China has called on the United States to stop its close reconnaissance activities after the Pentagon reported that two Chinese fighter jets intercepted a US military spy aircraft over the South China Sea.
“Two tactical [J-11s] aircraft from thePeople’s Republic of China” intercepted the Navy EP-3 Orion, a US maritime reconnaissance aircraft, which was on a “routine patrol” in international airspace, Defense Department spokesperson Lieutenant Colonel Michelle Baldanza told NBC News.
Baldanza said: “The Chinese jets flew by the US aircraft at a distance of approximately 50 feet (15 meters). “Initial reports characterized the incident as unsafe”
Foreign Ministry spokesman Hong Lei told reporters Thursday that the Chinese aircraft kept a safe distance from the US plane, which was flying close to China’s island province of Hainan.
Hainan is a military area of increasing sensitivity for China. Its bases on Hainan are home to an expanding fleet of nuclear-armed submarines and a big target for ongoing Western surveillance operations.
The Guangdong coast is also believed to be home to some of China’s most advanced missiles, including the DF-21D anti-ship weapon.
“We demand that the United States immediately cease this type of close reconnaissance activity to avoid having this sort of incident happening again,” Hong said.
The Pentagon said on Wednesday Chinese jets carried out an “unsafe” intercept of its aircraft, which was conducting “a routine US patrol” in international airspace.
It said two Chinese J-11 fighters flew within about 15 meters (50 feet) of the EP-3 Aries on Tuesday, forcing the US pilot to descend sharply to avoid a collision.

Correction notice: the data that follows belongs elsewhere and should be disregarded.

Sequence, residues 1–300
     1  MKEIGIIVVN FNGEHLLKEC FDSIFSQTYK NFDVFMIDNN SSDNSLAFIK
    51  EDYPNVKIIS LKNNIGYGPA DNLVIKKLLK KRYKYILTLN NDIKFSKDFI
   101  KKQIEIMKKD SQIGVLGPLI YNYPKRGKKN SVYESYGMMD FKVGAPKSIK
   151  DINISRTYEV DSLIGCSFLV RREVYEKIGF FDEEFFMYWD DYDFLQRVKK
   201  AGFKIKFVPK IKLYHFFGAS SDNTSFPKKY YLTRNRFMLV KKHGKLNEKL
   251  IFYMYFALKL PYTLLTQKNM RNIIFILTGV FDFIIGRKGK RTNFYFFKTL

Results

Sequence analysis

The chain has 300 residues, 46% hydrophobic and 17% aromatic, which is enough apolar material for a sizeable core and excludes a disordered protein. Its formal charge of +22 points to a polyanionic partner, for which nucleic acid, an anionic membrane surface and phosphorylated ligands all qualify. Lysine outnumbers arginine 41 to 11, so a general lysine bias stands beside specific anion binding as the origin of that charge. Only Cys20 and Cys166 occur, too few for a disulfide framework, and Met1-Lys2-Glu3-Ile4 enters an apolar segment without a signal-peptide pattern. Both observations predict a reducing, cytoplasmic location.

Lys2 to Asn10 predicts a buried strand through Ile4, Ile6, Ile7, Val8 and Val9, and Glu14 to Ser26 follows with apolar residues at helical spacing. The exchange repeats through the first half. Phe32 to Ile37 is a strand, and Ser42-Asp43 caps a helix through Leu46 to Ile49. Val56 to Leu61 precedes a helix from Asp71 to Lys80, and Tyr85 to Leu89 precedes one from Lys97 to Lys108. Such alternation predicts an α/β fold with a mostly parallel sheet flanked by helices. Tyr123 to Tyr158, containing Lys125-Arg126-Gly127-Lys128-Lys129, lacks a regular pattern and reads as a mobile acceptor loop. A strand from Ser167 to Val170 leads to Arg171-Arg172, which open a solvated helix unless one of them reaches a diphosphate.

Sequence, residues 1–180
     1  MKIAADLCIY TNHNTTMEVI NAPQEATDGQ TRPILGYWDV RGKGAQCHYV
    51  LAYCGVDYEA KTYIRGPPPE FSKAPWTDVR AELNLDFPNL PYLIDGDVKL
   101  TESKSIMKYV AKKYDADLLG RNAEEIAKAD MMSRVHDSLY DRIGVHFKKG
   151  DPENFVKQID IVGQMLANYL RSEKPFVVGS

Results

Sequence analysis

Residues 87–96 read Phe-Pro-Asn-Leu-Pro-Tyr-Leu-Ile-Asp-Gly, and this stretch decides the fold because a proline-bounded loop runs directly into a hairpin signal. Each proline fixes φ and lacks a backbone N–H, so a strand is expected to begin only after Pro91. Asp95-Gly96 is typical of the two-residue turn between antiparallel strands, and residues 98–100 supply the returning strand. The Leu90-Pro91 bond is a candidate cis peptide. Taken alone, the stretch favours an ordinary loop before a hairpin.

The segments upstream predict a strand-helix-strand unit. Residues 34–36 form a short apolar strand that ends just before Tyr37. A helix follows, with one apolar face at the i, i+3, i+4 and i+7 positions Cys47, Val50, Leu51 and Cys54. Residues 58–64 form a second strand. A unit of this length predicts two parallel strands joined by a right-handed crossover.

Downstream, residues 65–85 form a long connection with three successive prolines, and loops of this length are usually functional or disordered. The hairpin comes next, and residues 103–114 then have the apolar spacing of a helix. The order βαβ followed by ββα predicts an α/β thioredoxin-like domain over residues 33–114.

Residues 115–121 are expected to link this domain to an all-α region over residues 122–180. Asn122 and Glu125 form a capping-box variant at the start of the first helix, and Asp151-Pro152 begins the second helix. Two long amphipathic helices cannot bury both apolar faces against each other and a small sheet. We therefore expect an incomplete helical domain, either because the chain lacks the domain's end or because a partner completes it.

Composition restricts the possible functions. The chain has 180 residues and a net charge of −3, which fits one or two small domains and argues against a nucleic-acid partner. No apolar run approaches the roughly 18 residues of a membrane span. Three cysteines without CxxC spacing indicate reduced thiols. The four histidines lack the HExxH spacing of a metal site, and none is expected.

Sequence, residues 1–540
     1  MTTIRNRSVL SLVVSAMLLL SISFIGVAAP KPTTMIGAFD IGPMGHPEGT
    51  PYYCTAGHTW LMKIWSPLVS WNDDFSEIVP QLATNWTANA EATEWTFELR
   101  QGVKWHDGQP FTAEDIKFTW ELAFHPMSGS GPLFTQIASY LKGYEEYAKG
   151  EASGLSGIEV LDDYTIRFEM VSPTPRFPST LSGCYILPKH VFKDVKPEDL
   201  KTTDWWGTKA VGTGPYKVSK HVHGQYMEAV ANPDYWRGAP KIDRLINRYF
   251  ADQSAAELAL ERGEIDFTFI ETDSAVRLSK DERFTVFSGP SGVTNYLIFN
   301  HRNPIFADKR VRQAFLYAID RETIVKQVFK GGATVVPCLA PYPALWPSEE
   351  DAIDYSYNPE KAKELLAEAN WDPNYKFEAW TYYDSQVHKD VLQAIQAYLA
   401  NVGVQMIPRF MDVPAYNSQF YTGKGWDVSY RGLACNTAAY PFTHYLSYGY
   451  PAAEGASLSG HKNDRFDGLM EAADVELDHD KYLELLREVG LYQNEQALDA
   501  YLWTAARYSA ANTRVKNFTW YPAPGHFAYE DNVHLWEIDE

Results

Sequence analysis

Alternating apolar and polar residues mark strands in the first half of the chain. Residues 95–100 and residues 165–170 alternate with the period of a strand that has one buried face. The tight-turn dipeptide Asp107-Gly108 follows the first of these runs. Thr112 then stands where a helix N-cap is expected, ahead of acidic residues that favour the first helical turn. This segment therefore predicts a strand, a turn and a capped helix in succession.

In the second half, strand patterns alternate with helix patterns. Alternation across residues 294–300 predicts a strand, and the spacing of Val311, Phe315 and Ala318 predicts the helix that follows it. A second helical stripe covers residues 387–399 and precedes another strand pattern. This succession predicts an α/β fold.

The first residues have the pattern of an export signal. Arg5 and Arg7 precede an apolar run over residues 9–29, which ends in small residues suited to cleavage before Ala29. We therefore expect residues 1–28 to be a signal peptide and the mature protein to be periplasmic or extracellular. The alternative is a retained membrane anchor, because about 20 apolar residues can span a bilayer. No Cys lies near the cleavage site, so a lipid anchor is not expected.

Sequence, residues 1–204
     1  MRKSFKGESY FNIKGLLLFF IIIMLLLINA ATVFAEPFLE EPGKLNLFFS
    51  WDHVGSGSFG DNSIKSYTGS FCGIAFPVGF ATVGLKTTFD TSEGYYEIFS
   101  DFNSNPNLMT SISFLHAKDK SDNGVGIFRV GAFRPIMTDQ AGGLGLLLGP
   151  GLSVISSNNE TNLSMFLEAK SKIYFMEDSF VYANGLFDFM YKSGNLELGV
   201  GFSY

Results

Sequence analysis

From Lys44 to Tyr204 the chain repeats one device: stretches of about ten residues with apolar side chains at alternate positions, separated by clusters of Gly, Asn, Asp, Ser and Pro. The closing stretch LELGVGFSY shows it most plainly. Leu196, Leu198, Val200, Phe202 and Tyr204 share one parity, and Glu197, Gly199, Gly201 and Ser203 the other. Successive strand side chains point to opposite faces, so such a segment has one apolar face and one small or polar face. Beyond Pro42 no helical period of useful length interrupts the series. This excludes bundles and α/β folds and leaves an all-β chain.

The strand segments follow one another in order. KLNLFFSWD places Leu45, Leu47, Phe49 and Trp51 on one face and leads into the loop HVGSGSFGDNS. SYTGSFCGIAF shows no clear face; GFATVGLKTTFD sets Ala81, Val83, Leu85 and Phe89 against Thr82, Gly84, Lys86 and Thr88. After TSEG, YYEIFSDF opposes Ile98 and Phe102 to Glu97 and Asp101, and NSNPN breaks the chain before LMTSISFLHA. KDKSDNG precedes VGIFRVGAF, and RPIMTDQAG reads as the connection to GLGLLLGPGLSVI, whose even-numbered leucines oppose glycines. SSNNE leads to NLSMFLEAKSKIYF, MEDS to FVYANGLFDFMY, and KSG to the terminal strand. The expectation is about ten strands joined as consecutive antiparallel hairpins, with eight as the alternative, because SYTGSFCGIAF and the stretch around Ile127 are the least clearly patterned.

US EP- 3 reconnaissance aircraft
Hong said the actions of the Chinese aircraft were “completely in keeping with safety and professional standards.”
“They maintained safe behavior and did not engage in any dangerous action,” he said.
The incident comes a week after China scrambled fighter jets as a US Navy ship sailed close to a disputed reef in the South China Sea.
Tensions are rising before President Barack Obama travels to parts of Asia from May 21-28, which will include a Group of Seven summit in Japan and his first trip to Vietnam.
The South China Sea has become a source of tension between China, the US, and other countries seeking control of trade routes and mineral deposits there.
China claims most of the South China Sea, through which $5 trillion in ship-borne trade passes every year.
Being has on different occasions asserted its sovereignty over the sea, parts of which are also claimed by Brunei, Malaysia, Taiwan, Vietnam and the Philippines.
Washington has accused Beijing of attempting to take advantage of the dispute and gradually asserting control over the region.
China rejects the allegations and says the US is interfering in regional affairs and deliberately stirring tensions in the South China Sea.